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5 Benefits of Breast-feeding

Most women have heard by now that breast-feeding is the best and most economical option for babies in order to ensure adequate nutrition, but there are more benefits that may be new to some or a good reminder of why breast-feeding is so important. I have listed five benefits supported by research. There are many more benefits as well. Please feel free to comment with additional breast-feeding benefits (be sure to cite a source, either an article from a reputable site or a primary research), and I will post your comment.

 

1) Fewer infections. A study published last year in the Archives of Disease in Childhood showed that babies who are exclusively breast-fed have fewer and less severe infections than formula fed babies. For more information, read the following article:

Breast-feeding may cut infection risk for babies.

 

2) Decreased risk of allergies. Exclusive breast-feeding for 4 months may reduce risk of asthma, eczema and food allergies, according to research published in the journal Pediatrics in 2008. For more information, read the following article:

Breast-feeding may lower allergy risk.

 

3) Better behavior. According to a recent study published by British researchers, babies who are breast-fed for 4 months or longer are more likely to have better behavior. For more information on the study and findings, read the following article:

Another reason to breast-feed–better behavior?

 

4) Decreased cancer risk for mom. Young women with a family history of breast cancer may be at a decreased risk of developing breast cancer after breast-feeding their newborn babies. In addition, breast-feeding also protects women from other reproductive system cancers including ovarian, uterine, and endometrial cancer. Here are some articles with more information:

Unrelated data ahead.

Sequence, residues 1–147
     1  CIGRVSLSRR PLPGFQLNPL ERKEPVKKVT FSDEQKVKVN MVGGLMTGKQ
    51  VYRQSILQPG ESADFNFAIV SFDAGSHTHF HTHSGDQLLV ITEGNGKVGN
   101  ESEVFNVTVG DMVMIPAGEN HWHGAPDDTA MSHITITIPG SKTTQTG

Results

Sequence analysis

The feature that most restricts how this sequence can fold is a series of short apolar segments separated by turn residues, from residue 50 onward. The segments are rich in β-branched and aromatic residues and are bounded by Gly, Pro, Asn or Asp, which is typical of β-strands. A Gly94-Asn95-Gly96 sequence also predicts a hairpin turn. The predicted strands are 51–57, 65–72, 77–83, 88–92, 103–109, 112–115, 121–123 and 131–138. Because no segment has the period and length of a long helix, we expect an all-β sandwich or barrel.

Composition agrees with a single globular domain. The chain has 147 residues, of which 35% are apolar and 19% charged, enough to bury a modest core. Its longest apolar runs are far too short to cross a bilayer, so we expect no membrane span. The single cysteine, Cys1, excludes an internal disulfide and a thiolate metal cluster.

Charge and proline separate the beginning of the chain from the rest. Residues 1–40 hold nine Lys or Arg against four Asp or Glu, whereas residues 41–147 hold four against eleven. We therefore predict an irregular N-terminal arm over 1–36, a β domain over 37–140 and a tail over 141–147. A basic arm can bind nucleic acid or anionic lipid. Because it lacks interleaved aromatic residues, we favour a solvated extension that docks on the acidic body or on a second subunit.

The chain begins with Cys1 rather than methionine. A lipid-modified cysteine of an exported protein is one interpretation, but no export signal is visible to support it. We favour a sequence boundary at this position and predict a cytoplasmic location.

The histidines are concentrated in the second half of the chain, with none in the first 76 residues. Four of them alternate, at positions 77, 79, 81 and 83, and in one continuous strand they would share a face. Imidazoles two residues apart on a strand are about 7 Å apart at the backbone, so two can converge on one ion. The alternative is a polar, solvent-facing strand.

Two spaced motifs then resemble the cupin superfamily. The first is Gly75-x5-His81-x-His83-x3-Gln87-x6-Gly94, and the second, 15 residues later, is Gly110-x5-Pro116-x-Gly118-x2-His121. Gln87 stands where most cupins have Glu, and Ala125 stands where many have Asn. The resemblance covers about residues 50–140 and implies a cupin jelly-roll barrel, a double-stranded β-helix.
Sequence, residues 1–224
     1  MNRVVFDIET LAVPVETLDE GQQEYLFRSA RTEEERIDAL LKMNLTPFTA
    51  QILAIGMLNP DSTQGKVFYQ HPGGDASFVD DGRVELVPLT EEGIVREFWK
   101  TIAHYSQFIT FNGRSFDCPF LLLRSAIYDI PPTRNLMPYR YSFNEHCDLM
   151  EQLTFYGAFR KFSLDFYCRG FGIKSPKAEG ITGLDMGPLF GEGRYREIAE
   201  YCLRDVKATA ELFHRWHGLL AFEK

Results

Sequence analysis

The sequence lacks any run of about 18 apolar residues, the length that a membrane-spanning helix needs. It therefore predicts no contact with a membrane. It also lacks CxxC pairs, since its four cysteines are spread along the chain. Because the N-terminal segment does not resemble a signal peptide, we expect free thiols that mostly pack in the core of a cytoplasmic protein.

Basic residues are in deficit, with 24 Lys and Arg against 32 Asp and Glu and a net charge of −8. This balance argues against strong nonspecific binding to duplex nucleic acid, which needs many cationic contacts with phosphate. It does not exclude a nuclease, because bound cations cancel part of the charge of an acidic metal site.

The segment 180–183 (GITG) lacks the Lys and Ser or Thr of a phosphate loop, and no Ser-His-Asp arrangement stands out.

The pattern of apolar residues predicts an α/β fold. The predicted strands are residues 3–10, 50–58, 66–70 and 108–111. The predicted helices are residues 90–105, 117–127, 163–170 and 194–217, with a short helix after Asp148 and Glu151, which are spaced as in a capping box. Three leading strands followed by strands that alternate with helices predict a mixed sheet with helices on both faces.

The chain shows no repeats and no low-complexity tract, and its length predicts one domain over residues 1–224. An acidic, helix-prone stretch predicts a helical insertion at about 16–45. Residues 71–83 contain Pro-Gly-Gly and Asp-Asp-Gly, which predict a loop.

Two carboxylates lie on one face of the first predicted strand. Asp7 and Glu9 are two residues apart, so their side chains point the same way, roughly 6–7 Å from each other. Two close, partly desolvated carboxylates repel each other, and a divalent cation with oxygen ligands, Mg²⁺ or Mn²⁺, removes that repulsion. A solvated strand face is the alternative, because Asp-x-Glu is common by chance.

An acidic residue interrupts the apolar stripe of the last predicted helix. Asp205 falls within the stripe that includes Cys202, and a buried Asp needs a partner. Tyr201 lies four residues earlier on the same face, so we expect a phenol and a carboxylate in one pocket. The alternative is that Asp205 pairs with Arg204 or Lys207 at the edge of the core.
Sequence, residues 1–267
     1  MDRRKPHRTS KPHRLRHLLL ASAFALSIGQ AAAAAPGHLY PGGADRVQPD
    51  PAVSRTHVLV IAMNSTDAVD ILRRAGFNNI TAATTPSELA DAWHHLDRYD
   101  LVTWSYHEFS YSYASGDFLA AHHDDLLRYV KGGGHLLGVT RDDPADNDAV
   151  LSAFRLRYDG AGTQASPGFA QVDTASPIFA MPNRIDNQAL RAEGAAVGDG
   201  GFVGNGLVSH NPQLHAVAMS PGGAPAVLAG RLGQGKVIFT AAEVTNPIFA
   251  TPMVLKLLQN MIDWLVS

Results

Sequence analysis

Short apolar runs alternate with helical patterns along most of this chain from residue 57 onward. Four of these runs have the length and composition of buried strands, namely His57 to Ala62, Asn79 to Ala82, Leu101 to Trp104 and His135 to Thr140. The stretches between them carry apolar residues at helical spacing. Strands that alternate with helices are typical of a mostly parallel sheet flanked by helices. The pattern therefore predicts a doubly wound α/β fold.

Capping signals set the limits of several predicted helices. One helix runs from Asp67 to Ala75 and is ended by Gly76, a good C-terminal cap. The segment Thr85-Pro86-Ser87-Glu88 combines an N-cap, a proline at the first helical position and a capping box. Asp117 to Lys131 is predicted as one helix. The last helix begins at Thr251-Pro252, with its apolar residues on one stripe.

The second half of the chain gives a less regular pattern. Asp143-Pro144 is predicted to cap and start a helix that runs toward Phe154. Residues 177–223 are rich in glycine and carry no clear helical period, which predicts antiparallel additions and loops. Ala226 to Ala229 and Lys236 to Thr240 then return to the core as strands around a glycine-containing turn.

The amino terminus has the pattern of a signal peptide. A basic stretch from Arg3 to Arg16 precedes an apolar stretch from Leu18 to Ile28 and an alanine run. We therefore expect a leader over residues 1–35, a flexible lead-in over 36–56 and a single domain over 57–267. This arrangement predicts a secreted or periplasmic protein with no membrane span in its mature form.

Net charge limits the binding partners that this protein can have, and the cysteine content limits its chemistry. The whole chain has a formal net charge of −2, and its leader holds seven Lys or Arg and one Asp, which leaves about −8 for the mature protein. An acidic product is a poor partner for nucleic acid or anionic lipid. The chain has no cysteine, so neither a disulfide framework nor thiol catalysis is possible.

Breast-feeding linked to lower cancer risk.

You will have less chance of Breast cancer and other cancers.

 

 

5) Higher I.Q. Babies exclusively breast-fed for 3 months or more scored an average of 6 points higher on I.Q. tests at age 6 than those who were formula fed. This may be because breastmilk contains cholesterol, an important building block of brain tissue not found in infant formula. More information can be found in this article:

Breast-feeding may boost IQ.

 

Women who are not able to breast-feed for medical reasons may still be able to provide their infant with breastmilk from a breastmilk bank. Check with your baby’s healthcare provider, midwife, or hospital maternity center for a referral.

 

If you are having breast-feeding difficulties or issues with milk production, you should seek out a lactation consultant (available service at most hospital maternity and postpartum centers) or contact the La Leche League for support and advice (www.llli.org). The sooner you get help, the greater your chances of being able to successfully breast-feed your baby.

About the Author: Dr. Bowker is a Naturopathic Physician and owner of Snohomish Valley Holistic Medicine. In addition to her clinical practice, Dr. Bowker serves as a Board member for the Washington Association of Naturopathic Physicians. She has also been a guest speaker for community organizations and instructor of several community health classes. For more information, please visit her primary website: www.snovalleyholistic.com

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